A blow against Israel’s Supreme Court plunges the country into crisis

On July 24th Israel’s parliament, the Knesset, passed the first in a series of laws aimed at drastically limiting the powers of the country’s Supreme Court. Members of the opposition walked out in protest at the final reading of the law, which passed 64-0 in the 120-strong chamber, with the votes of all the members of the far-right coalition led by the prime minister, Binyamin Netanyahu. The law all but eliminates the court’s ability to overturn government decisions on the grounds of “reasonableness”.

Since the coalition presented its plans nearly eight months ago, hundreds of thousands of Israelis have taken to the streets in protest. Mr. Netanyahu’s allies claim that in recent decades the Supreme Court has been too interventionist and that its powers should be curbed.

Opponents of the reforms argue that they will undermine Israeli democracy and risk introducing majoritarian rule.

The government has been unmoved. Thousands of reserve officers in Israel’s armed forces have announced that they will no longer turn up for their voluntary service, but before the vote Mr. Netanyahu refused to meet the army’s chief of staff, who wanted to warn him of the security implications of the dispute. The prime minister has also brushed off a rare public warning from Israel’s closest ally: President Joe Biden called on the government to postpone the vote and try to reach a compromise with the opposition. The White House described the result as “unfortunate”.

After attempts to pass the full raft of his government’s legal reforms stalled in the face of widespread opposition, Mr. Netanyahu repeatedly promised that he would try to pursue the constitutional changes through consensus. That came to nothing. Under pressure from the extreme elements in his coalition, he abandoned efforts to find any kind of compromise.

Instead the government took one of the original four laws they had hoped to pass earlier this year and rushed a vote on that through the Knesset in a matter of weeks.

Even as the final votes were being held on Monday, Mr. Netanyahu and his relatively moderate defense minister, Yoav Gallant, sought to delay the parliamentary procedure, in a last-gasp attempt to find a compromise. In the Knesset session the hardline justice minister, Yariv Levin, could be seen berating his colleagues, as Mr. Netanyahu sat glumly silent. Mr. Levin and other far-right members of the coalition threatened to resign if the amendment was not passed immediately.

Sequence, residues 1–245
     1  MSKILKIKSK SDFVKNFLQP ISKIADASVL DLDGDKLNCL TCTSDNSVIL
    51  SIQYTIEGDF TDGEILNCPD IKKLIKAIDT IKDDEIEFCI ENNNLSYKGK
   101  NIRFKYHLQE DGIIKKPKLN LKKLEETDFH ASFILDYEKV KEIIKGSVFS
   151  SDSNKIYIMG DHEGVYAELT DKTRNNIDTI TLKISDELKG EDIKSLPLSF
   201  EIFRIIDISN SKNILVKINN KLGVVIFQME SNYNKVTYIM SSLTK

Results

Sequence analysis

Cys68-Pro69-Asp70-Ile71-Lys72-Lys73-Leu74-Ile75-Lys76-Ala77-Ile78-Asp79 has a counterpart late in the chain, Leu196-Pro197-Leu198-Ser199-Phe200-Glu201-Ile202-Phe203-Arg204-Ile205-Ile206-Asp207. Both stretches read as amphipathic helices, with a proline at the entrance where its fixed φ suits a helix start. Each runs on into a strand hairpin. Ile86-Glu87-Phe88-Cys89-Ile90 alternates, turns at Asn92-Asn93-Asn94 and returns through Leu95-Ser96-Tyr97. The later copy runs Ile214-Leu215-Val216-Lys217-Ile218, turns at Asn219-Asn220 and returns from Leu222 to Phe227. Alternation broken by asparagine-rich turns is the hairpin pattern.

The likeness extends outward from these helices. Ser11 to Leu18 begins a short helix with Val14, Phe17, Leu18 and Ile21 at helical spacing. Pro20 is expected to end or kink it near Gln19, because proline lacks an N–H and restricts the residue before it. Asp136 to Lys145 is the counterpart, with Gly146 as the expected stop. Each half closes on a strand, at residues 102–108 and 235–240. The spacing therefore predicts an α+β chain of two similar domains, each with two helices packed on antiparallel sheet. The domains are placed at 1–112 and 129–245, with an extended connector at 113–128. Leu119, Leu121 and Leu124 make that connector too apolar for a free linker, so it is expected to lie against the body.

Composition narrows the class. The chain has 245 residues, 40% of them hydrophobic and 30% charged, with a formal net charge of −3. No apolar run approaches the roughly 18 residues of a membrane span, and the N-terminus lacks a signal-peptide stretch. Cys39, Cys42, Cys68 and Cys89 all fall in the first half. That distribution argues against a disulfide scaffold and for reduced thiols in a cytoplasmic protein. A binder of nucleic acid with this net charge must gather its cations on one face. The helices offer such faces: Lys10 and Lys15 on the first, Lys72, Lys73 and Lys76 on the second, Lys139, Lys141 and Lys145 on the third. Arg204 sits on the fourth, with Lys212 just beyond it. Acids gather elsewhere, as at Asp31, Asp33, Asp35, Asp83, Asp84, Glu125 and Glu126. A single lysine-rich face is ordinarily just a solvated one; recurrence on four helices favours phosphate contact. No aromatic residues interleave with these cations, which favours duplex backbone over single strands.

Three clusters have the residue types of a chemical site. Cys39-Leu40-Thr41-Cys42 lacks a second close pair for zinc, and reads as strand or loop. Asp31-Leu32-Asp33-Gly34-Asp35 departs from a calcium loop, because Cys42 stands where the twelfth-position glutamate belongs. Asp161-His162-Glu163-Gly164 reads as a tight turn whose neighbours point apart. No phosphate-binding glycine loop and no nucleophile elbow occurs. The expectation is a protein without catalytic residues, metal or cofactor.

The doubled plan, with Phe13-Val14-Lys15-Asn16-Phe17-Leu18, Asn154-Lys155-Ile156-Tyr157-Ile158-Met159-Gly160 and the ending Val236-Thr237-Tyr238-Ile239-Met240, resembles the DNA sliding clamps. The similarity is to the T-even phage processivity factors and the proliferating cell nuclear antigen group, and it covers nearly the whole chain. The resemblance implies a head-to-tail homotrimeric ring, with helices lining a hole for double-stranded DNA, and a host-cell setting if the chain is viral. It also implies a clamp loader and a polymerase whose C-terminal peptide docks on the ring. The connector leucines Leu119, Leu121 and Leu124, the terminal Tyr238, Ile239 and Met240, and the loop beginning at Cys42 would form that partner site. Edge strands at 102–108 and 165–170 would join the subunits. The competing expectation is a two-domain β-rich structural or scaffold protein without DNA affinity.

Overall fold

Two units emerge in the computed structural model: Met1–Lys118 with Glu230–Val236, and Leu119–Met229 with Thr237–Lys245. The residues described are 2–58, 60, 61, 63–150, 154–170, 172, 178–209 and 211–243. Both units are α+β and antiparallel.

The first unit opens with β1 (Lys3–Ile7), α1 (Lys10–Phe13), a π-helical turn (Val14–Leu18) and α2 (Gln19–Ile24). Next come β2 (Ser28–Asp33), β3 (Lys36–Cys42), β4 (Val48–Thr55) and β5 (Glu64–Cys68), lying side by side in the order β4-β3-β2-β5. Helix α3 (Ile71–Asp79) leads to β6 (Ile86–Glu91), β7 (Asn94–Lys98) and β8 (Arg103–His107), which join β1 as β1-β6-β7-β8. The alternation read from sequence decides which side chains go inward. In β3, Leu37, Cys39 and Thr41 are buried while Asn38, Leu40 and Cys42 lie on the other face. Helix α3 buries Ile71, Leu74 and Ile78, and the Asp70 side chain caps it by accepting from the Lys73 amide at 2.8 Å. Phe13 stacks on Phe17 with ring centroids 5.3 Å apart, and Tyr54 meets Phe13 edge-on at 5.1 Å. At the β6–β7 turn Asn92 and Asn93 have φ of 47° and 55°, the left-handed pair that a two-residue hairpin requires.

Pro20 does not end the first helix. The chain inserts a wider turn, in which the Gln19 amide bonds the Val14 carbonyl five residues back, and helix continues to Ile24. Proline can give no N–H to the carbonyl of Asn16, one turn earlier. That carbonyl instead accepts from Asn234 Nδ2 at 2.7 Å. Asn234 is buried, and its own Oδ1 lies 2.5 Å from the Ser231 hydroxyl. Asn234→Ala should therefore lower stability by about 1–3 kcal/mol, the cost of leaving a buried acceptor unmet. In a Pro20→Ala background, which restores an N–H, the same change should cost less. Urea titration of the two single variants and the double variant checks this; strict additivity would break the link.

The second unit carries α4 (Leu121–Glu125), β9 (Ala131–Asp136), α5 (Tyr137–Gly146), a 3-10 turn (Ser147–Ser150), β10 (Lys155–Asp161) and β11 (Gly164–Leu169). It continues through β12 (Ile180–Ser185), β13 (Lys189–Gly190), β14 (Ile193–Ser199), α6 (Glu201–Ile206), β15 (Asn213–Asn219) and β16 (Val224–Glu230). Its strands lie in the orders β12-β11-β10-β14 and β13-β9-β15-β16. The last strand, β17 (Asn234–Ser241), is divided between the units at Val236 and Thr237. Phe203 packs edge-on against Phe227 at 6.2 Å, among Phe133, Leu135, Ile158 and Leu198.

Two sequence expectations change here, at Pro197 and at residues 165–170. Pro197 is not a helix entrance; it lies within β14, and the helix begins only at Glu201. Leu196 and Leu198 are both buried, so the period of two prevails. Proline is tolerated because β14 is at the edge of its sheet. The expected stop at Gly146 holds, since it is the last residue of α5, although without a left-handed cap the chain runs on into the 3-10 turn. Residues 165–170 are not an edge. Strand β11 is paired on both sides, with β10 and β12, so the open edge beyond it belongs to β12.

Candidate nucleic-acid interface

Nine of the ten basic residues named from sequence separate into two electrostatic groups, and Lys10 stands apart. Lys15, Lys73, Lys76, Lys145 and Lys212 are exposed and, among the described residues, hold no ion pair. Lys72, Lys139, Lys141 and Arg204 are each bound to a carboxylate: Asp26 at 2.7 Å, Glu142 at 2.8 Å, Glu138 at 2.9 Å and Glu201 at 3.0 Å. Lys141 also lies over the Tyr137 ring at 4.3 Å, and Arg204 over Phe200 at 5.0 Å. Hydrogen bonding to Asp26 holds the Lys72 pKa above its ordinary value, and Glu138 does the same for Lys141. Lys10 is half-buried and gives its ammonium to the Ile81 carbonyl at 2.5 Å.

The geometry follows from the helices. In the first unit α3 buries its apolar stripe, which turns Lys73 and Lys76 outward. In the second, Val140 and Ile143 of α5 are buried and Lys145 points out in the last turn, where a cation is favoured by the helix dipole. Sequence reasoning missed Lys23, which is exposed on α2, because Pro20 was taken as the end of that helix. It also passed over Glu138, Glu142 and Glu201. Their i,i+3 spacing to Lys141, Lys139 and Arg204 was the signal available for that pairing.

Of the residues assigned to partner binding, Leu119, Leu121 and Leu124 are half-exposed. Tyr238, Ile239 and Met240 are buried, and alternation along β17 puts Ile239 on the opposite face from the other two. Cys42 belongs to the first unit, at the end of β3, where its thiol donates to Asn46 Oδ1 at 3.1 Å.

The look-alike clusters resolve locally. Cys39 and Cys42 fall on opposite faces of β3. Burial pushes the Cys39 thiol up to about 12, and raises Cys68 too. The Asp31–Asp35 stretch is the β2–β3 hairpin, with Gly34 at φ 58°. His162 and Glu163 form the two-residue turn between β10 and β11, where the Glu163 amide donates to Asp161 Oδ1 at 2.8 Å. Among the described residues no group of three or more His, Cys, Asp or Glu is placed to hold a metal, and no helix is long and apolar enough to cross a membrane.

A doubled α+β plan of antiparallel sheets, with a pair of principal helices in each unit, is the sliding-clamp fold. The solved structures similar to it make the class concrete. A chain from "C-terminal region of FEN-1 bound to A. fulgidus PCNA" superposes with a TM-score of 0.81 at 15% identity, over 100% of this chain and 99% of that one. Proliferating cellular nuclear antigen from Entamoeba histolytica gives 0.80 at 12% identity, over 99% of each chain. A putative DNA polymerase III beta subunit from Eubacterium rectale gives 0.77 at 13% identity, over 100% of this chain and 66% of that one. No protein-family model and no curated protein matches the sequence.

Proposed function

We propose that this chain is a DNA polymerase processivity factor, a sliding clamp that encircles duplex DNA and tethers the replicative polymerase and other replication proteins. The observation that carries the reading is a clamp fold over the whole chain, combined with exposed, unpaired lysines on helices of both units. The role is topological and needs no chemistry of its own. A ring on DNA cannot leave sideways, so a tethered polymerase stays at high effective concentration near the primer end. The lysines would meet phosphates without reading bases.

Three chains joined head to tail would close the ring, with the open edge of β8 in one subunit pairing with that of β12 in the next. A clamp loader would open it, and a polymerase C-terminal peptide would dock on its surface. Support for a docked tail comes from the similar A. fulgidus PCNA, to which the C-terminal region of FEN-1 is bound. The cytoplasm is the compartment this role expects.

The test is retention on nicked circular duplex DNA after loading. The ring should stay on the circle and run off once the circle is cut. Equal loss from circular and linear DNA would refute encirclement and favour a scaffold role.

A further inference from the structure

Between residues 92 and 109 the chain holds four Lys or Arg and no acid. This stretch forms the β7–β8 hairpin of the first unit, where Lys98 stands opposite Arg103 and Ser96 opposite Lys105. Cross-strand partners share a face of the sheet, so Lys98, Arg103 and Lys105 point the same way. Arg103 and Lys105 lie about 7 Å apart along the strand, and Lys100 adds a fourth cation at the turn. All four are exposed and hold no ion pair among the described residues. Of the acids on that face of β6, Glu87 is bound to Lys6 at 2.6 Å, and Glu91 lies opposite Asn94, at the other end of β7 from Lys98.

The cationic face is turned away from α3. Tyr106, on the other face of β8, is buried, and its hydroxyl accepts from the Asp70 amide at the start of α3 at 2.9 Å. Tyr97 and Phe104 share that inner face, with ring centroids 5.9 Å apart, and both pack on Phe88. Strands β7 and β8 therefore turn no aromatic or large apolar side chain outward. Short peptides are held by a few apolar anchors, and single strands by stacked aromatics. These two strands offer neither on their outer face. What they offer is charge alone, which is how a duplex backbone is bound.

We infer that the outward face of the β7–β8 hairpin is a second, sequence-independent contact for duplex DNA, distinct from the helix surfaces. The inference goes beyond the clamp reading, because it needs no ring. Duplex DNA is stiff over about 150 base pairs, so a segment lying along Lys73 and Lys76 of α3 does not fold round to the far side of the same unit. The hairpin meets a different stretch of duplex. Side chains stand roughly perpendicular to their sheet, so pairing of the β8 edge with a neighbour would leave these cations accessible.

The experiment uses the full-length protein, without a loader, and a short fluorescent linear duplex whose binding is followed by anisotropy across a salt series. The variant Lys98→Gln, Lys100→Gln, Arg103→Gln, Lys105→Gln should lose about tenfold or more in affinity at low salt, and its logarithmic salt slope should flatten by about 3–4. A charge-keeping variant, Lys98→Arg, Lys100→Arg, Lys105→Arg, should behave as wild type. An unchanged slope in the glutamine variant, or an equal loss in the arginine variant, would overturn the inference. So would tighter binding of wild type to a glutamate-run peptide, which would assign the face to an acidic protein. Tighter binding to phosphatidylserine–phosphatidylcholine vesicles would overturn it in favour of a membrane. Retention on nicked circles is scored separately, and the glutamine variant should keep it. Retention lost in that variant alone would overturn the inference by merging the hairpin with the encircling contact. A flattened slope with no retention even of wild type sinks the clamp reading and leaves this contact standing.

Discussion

The fact that Mr. Netanyahu, just back from a hospital stay to have a pacemaker fitted, was unable to persuade his allies to delay the vote suggests that his power is now limited. It is unclear what will prevent the most extreme members of the coalition of nationalist and ultra- religious parties from pursuing their political agenda, both on the legal reforms and more widely. In the aftermath of the vote Mr. Levin said this was the “first step” in fixing Israel’s judicial system. Ministers have threatened to use the freedom the new law gives them to fire the independent-minded attorney-general. They could replace her with someone friendlier to the government who would be more willing to revisit the corruption charges currently facing Mr. Netanyahu (which he strenuously denies).

And then there are the next stages in the judicial overhaul. When the Knesset returns in October after a long summer recess, the coalition plans to put forward legislation which would give it control of the appointment of Supreme Court judges. In a speech shortly after the vote Mr. Netanyahu promised that he would once again pursue consensus on these matters. His allies have no interest in any compromise, however, and the prime minister has little leverage over them.

Israel may find itself in a constitutional crisis within days, well before the next pieces of legislation come up. Various civil-rights groups have already sent petitions to the Supreme Court calling for the new law to be overturned. The judges will still have legal tools to review government decisions, but these will be much more limited. If they rule that this new law restricting their powers is unconstitutional, they will be on a collision course with the government.

The demonstrators who believe their country is on a slippery slope to dictatorship are not going home. Entire reserve units and squadrons could be paralyzed. Major business groups have already closed their establishments in protest and the trade unions are considering a general strike. Angry protests broke out following the vote, causing havoc in central Jerusalem, Tel Aviv and elsewhere around the country. Israel is facing a tempestuous summer.